Trade Alert: Never Enough Data
As companies increasingly shift toward centralized data storage, cloud-based data-center traffic is projected to grow 30% annually through 2020. That means more and more server farms will be needed to store and harvest all that data.
The Big Data mega-trend isn’t just for aggressive growth investors. It’s also providing opportunities for income investors via data-center REITs (real estate investment trusts).
Unlike other REIT subsectors, which are currently working through excess supply, demand for data storage continues to outpace supply, particularly as tech continues to push into new data-intensive areas such as artificial intelligence and augmented and virtual reality.
CyrusOne (NSDQ: CONE) is a fast-growing REIT with 45 data centers worldwide. And its pending acquisition of Zenium Data Centers will expand its reach to include footholds in two of Europe’s largest data-center markets.
The $5.3 billion REIT is projected to grow funds from operations per unit by 10.2% annually over the next three years.
There are risks to consider, however.
Hyperscale cloud services are dominated by tech giants, with 24 companies accounting for about two-thirds of the market.
That means data-center REITs tend to have significant customer concentration, and CyrusOne is no exception. The REIT receives more than 40% of annualized rent from its top-10 customers, and its largest customer accounts for 18% of total rent.
And CyrusOne’s rapid growth also means that leverage is relatively high, though not as high as some of its peers.
Lastly, rising U.S. Treasury yields have been weighing on REIT unit prices. While this week has seen a massive short squeeze in the Treasury space, yields will eventually retake their former highs.
The good news about the timing of this trade is that the rally in Treasuries this week gives us more of a buffer between the current price and the strike price.
Additionally, this contract expires nearly two weeks before the company is expected to next report earnings. It’s never a bad thing if the timing of a short-term trade can eliminate the possibility of any earnings-related surprises, especially since right now the market can’t even handle good news, at best.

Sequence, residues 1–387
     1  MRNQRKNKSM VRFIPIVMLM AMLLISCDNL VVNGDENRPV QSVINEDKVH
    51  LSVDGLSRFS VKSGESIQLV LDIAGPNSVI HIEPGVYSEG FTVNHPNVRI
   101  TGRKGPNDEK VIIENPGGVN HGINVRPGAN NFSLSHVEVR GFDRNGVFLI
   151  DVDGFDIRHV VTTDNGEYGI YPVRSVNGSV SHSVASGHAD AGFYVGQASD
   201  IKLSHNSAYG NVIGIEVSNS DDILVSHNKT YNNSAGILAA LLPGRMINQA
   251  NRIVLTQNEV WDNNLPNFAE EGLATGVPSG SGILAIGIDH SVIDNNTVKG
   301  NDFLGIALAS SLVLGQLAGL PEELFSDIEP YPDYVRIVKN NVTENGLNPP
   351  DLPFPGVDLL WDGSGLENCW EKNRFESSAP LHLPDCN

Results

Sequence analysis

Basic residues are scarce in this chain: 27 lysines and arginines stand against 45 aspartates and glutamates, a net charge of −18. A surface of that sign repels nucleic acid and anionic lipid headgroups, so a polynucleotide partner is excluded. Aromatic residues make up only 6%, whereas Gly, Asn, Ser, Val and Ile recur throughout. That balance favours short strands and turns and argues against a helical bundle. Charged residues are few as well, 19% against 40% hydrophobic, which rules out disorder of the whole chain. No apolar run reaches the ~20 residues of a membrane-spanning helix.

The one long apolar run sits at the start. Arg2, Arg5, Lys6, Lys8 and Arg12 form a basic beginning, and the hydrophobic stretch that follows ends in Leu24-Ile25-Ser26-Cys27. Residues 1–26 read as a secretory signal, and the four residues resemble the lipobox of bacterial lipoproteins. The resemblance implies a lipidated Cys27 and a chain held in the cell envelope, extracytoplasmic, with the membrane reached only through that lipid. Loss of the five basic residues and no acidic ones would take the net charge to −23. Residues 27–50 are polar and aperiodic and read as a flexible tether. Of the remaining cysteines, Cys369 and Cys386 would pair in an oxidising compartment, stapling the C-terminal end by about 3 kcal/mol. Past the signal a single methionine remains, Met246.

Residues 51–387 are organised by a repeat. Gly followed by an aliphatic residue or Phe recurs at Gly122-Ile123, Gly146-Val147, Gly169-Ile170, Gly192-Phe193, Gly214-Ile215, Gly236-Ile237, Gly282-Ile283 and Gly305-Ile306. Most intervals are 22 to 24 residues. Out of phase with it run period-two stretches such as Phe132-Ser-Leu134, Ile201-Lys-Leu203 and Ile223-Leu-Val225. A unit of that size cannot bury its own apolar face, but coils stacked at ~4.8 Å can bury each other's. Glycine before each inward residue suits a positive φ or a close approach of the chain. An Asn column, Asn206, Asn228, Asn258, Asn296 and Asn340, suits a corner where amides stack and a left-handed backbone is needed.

This trade will generate immediate income of at least $70 per contract now, with the possibility of buying CyrusOne at a nearly 7% discount to where it currently trades if the stock gets put to you. Investors should set aside $5,000 per contract sold to buy the stock in case the option expires in the money.
Regardless of how many contracts you sell, it’s absolutely critical that you follow the instructions below, particularly when it comes to setting the limit order.
How to Make the Trade:
- Trade: Sell to open the July 20, 2018, $50 Put on CONE.
- Allocation: Sell one put for every 100 shares you would be pleased to buy at $50 per share.
- Current Stock Price: $53.75
- Limit Order Price: a credit of $0.70 or more.
- Tell your broker: “I want to sell a put on CyrusOne (NSDQ: CONE) stock. Specifically, I want to ‘sell to open’ one July $50 Put for a credit of $0.70 per share or more.”
- Further Instructions Regarding the Trade:
- If the option price changes, you can adjust our recommended limit based on the midpoint of the bid/ask spread, which you should be able to see when entering the trade. Just make sure the potential credit is at least $0.70 per share or more.
- Place your limit order on a “good ‘til canceled” (GTC) basis and be patient.
The Win-Win Situation:
For every put contract you sell, you will collect $70 that’s yours to keep no matter what happens in the future.
If the put expires worthless, meaning the stock price is above $70 per share at expiration, then we’ll do another trade to create another instant payment.
If the stock is trading at or below the strike price upon the contract’s expiration, then you’ll be buying CyrusOne at a 7% discount to the current market price, while locking in a yield of 3.7%—plus the premium you pocketed when you sold the put.
Then we’ll collect the dividend while creating more instant payments by selling covered calls against the stock.